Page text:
25 CommentsAnime Analysis / By Scamp /

The Failed Fan of Haruhi Suzumiya

This post is meant as a continuation of The Multiple Misfires of Haruhi Suzumiya, written back at the end of October. I highly recommend you read that post before you start this one.

Endless Eight. It was a fascinating time to be in anime fandom. Watching frustrated forums and bored bloggers as each episode rolled out, waiting for this accursed arc to end. It was certainly amusing to watch, or more accurately, not to watch. But the amusement I had was detached from the actual show itself. Any emotional connection I might have got with the franchise was killed there and then. I didn’t care what happened in Haruhi anymore. I was an outsider. Even as I watched the Sighs arc, it more out of obligation than anything. The episodes weren’t particularly good and, apart from that minor moment of genius where a cat disproved the entire concept of human speech, left no impression on me whatsoever.

YouTube Preview Image

Oh why not. This video still makes me grin.

There’s still another chapter in the anime of Haruhi Suzumiya out there at the moment. The movie. The fabled arc. The Disappearance of Haruhi Suzumiya. First there was the shoddy camrip, only watched by the most devout of Haruhi-ites. Those who genuinely liked Endless Eight. Those who could be shown a video of Haruhi staring at the screen for half an hour and still call it a masterpiece. I was inclined to ignore reports hailing in from those sources, but more reports and reviews started filing in. As Haruhi was shown at conventions and eventually hit the fansub scene, everyone was going crazy over how great this movie was. Again though, these were those already faithfully converted to Haruhi-ism. The real test was could it convert a non fan like myself.

I gave this movie every opportunity to convert me. I waited for a decent 720p version that could be played on my laptop. I watched it at home where I had decent speakers. I sat in a damn comfy chair, a pre-requisite if you’re going to watch a 2 and a half hour long movie. I even made myself popcorn. Heck, for added special value I paused the movie at the end of the rooftop scene with Nagato so I could stand outside the back door to watch the New Years fireworks. I’ll admit that, even a non Haruhi fan like myself found something special in that. But could it convert me to a Haruhi fan?

Short answer: No

Long answer: The movie was flawed. The two and a half hour length did play in the back of my mind quite a lot, especially when they spent far too much time padding out scenes. The first 20 minutes or so felt like I was watching another one of those Haruhi fillers from the first season. The second half of the movie was merely a rehash of Bamboo Leaf Rhapsody. The way the movie was set up far too clearly for another season seriously bugged me. It was done in such an unoriginal manner too. It felt like the creators had simply run out of ideas and were rehashing old ones to the point that even Kyon was becoming plot savvy and reciting his lines he knew he’d have to say later on.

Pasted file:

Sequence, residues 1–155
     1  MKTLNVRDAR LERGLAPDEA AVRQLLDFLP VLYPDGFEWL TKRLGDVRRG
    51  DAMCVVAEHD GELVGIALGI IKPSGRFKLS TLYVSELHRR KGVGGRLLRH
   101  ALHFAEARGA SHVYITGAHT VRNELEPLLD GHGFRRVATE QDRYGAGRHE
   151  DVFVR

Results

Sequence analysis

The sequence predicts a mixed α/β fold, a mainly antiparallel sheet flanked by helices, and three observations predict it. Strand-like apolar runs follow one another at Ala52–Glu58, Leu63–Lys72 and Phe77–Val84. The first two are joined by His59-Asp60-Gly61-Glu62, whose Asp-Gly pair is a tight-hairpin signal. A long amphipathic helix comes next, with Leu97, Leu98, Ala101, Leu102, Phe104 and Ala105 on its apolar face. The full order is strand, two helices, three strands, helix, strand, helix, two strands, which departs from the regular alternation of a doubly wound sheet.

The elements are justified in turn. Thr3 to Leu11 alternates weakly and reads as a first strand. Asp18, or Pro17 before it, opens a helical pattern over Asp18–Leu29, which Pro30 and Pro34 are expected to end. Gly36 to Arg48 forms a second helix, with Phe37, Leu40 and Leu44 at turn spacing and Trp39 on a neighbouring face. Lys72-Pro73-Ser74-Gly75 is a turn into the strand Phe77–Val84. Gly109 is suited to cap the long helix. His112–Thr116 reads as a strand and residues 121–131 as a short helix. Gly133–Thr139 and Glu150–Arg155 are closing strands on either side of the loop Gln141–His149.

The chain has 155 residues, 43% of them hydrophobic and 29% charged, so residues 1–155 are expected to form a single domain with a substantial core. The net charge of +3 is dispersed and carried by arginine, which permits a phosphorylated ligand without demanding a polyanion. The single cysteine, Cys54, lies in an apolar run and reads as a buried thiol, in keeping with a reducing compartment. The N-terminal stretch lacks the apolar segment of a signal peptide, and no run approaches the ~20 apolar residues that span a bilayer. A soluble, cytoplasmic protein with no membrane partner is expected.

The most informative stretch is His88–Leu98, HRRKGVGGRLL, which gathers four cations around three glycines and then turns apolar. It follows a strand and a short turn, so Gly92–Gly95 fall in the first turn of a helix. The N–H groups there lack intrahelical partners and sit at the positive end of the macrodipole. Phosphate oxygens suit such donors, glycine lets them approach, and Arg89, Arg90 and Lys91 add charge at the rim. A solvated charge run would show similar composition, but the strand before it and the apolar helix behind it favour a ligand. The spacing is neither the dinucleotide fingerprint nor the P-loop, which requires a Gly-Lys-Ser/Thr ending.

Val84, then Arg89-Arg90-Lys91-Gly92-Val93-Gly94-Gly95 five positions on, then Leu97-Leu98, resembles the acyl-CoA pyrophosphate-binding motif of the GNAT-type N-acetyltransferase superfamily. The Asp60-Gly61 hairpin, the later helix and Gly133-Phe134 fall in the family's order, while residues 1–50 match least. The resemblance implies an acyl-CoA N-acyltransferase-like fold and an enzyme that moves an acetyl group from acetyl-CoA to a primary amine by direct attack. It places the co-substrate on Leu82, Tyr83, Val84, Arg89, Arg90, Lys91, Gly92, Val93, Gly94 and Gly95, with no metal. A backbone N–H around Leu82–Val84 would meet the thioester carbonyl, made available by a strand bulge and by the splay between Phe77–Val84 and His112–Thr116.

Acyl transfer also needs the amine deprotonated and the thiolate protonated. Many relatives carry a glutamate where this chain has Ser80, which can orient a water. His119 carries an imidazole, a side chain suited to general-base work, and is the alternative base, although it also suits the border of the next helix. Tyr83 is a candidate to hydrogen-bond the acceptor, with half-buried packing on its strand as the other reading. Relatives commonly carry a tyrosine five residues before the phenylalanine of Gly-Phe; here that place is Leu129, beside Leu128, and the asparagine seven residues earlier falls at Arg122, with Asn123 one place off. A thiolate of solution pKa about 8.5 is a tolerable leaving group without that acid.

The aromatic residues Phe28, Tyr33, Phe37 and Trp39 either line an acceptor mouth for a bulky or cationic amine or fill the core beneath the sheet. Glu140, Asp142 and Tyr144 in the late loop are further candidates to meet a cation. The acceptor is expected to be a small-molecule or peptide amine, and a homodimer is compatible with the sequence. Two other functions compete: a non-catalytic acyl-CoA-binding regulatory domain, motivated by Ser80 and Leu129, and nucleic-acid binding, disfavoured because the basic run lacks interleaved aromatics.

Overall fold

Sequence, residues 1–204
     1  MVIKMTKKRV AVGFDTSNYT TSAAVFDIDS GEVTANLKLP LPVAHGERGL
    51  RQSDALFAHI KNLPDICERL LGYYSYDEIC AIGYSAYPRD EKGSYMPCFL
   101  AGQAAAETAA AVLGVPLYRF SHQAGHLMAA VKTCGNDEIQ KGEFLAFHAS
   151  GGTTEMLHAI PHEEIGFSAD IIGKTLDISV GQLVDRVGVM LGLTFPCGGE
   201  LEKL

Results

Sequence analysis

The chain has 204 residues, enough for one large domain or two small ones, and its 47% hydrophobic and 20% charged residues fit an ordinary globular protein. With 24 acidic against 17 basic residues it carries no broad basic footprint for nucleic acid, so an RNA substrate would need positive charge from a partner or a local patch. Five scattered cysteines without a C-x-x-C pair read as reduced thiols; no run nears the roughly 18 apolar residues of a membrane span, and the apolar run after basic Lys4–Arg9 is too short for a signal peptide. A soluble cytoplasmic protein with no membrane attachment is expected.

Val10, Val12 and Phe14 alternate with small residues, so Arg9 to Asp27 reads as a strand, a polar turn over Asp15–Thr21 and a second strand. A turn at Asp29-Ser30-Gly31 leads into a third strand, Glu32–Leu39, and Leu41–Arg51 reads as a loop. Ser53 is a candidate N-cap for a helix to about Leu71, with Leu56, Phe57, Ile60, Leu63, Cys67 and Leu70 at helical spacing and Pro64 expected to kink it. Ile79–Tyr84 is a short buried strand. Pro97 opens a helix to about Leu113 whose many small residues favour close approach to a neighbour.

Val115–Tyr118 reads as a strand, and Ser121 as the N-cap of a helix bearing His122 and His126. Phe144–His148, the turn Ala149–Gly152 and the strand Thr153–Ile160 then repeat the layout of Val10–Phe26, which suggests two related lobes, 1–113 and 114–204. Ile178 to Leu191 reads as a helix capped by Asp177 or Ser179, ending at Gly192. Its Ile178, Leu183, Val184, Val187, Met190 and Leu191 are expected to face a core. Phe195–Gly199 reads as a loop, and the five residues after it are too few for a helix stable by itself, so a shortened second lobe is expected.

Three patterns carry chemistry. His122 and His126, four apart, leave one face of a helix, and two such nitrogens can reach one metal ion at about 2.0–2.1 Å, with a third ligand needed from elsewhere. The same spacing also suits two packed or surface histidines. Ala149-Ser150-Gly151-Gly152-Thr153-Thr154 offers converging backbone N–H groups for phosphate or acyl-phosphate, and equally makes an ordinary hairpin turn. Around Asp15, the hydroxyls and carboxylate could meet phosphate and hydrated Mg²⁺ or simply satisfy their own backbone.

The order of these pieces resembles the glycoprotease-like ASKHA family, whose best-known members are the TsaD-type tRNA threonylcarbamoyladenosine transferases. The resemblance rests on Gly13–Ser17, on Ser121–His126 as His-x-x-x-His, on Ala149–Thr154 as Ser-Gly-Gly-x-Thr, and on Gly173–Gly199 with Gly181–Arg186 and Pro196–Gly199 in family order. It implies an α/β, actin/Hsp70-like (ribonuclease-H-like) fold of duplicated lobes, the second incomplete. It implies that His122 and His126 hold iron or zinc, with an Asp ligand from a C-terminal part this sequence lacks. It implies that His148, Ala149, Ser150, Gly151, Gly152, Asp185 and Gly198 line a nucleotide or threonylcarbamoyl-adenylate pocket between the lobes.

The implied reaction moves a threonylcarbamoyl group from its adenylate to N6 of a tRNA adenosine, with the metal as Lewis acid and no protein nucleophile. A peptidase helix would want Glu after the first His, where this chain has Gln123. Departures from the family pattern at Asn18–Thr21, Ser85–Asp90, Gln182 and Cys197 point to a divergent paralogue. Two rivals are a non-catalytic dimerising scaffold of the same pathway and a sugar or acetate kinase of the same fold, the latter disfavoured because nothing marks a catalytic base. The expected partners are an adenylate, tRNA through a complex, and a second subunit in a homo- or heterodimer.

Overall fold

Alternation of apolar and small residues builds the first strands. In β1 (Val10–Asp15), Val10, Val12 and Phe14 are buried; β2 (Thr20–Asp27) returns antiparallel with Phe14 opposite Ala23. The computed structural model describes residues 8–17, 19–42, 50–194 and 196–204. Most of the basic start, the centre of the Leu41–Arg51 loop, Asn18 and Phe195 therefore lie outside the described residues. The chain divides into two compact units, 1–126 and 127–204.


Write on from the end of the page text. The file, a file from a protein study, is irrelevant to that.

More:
That said, the section from the half hour mark to the hour and a half mark was amazing. Kyon wandering around town, frightened and frustrated; the way the movie captured that was remarkable. The movie’s padding was much more clearly on display during this segment, but here it added to the inherent feeling of unease that Kyon was feeling. It seems odd to praise Kyon pacing around a table in a movie that was already way too long, but I was completely sucked in by the atmosphere. The entire way that alternate world was concluded in the computer room was brilliant as well, with the reunion and the creepy contrast between robot Yuki and moe Yuki. Yeah, count me amongst the ones who liked moe Yuki. I never particularly cared for her character in the TV series, but the contrast in personality added to the unease of the situation Kyon found himself in.

But no, it didn’t convert me. It retrospect, I don’t think it was possible. I was ripe for conversion directly after Bamboo Leaf Rhapsody, but Endless Eight killed that possibility. The movie certainly had its spark of brilliance in the middle section, and was probably the best thing the entire franchise produced, but was bogged down by its other failures enough so I wasn’t converted. There’s certainly brilliance in the Haruhi franchise. From episode 0 to Bamboo Leaf Rhapsody to Kyon pacing around a table, there’s certainly signs in here that there’s a series I could have loved. If the stars had aligned, I certainly believed I could have been a fan. I’m not though, and the tragedy is that the Haruhi Suzumiya franchise only has itself to blame.

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25 Comments

  1. Posted January 30, 2011 at 6:49 pm | Permalink

    “The way the movie was set up far too clearly for another sea­son ser­i­ously bugged me.”

    This movie is adapted from the fourth in a series of nine (soon to be ten) and counting light novels – unless they wanted to significantly change the original text and somehow wrap up everything involved with that in a two and a half hour movie, it was always going to be open-ended!